Coupling the pursuit for justice with the desire to protect the environment and those directly impacted by it, Mike has found his niche. As he prepares to wrap up his fellowship, he hopes to continue pursuing environmental law with the Appalachian Mountain Advocates as a staff attorney.
Equal Justice Works alum, Dave Palmer, helps New York go green
Dave Palmer, 2006 Equal Justice Works alumnus and Executive Director of the Center for Working Families (CWF), describes his organization as a “think and do tank.” That means CWF is engaged with policy development from initial research to final implementation. The steps in between include detailed analysis, grassroots organizing and coalition building.
Dave moved into this work because he saw an opportunity to create a scalable green and equitable economy in New York State. Specifically, Dave helped CWF lead the campaign to develop a program – Green Jobs/Green NY – that provides upfront capital to homeowners to pay for energy efficiency improvements (also known as retrofits). Enabling homeowners to cut energy use helps combat climate change, creates jobs and lowers energy costs. It also allows families to cut utility bills in hard economic times.
CWF aims to ensure that a reasonable percentage of the homes retrofitted and jobs created are in New York’s moderate -income and predominantly African-American and Latino communities. While “energy efficiency” has become a catchphrase in America, few organizations have focused on bringing the benefits to underserved communities.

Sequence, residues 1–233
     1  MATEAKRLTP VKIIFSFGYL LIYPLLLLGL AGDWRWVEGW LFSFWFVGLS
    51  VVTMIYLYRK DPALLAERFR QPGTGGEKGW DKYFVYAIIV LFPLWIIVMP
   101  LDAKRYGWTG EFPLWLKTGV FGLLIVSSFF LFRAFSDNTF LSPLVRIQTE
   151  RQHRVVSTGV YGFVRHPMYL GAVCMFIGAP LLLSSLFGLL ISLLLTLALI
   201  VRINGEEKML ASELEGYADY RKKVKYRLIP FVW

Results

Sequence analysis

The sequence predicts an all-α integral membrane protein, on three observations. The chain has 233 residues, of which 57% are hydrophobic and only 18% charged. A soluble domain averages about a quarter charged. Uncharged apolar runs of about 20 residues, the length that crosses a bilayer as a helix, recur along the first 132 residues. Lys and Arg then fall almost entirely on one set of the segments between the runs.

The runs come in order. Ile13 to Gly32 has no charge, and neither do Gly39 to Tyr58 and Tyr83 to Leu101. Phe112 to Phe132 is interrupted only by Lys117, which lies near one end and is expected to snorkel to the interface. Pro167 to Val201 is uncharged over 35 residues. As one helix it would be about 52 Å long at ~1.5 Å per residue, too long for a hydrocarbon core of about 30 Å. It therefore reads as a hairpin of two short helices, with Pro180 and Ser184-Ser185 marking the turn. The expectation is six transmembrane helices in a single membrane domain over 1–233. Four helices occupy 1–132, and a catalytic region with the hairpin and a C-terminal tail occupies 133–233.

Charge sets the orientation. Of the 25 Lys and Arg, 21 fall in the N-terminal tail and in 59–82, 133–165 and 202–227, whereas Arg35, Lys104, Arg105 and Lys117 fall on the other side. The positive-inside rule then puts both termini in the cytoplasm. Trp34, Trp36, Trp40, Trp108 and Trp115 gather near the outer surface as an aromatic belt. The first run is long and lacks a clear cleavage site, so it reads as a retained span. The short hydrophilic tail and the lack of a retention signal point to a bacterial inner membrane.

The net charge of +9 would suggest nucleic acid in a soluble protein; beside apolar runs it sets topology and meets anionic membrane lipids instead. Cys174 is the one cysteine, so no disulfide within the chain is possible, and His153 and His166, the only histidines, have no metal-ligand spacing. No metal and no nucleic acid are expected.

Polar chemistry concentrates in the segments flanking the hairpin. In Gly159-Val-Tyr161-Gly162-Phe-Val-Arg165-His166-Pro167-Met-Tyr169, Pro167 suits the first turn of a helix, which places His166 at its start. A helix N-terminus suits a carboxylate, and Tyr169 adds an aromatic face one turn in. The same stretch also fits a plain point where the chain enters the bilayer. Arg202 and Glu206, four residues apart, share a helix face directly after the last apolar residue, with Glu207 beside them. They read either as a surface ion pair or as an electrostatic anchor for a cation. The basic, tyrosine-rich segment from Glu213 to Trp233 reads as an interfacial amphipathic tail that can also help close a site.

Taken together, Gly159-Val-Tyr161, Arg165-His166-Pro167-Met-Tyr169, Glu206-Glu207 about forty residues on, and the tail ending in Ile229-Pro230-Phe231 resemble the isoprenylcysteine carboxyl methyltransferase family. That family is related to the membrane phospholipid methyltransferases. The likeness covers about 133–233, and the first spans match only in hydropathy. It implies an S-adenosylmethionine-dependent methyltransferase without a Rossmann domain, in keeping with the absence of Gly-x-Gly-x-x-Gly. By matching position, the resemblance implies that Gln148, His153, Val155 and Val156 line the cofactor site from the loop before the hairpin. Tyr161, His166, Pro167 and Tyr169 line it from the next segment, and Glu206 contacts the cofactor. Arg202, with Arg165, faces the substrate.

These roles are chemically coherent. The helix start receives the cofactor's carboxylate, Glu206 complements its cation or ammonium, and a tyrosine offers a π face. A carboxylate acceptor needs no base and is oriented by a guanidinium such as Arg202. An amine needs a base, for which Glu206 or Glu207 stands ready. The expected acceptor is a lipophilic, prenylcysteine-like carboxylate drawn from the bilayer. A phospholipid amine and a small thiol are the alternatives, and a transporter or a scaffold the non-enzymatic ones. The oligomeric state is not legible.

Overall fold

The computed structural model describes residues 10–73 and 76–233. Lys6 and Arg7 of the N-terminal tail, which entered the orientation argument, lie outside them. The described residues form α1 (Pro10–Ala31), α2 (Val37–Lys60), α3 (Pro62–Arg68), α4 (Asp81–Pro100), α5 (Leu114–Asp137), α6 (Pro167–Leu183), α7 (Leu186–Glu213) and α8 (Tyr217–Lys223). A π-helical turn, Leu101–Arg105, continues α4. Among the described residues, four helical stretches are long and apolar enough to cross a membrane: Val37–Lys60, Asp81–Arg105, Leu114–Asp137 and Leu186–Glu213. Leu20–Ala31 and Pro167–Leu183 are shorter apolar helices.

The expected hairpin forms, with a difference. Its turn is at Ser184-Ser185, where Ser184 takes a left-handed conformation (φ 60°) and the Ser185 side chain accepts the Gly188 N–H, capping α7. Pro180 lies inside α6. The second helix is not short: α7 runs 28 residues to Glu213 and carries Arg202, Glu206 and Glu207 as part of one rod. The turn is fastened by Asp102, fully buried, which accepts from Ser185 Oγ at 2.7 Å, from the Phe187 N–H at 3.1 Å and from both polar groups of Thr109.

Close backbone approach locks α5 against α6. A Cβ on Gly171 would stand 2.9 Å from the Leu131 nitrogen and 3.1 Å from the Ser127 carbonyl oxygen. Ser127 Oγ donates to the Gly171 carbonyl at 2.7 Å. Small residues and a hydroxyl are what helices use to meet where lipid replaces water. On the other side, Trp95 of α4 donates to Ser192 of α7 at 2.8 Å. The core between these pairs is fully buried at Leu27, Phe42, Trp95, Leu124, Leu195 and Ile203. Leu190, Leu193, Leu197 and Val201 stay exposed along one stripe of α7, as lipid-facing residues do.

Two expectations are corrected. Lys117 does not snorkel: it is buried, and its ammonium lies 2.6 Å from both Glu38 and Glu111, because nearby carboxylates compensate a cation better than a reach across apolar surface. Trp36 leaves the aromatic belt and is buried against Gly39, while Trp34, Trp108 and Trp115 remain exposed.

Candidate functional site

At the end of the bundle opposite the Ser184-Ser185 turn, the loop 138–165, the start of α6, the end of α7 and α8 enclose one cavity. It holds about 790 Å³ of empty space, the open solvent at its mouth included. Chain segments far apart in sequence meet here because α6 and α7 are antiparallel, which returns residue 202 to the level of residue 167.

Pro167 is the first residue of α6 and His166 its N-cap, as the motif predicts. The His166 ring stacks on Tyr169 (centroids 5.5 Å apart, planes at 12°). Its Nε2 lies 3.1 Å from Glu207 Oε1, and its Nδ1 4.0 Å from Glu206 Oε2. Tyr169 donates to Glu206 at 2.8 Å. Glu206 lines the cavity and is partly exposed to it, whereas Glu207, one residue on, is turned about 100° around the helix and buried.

Dave recognizes that his organization faces major obstacles. “Utility companies do not have incentive to promote energy efficiency,” said Dave, citing one challenge. Other goals of the Green Jobs/Green NY program, such as community-directed outreach efforts, have also required negotiation among the main stakeholders: community organizations, energy efficiency contractors and government officials.
But Dave’s work as an Equal Justice Works Fellow has taught him to find innovative solutions to challenges. In 2010, Dave and the CWF developed an “on-utility bill recovery” policy, a financing mechanism that finally allows moderate-income homeowners to secure retrofits at no upfront cost to them. If implemented correctly, it will be the first green financing program in New York to be broadly accessible to average families.
As Dave maps out CWF’s future initiatives, he recognizes that forward-thinking environmental bills are meeting an ugly fate in Congress. Creating impact, Dave says, will have to happen at the state level. He is confident that CWF has provided some great models for other states to follow.
To learn more about the green movement and Dave’s work, please visit www.cwfny.org.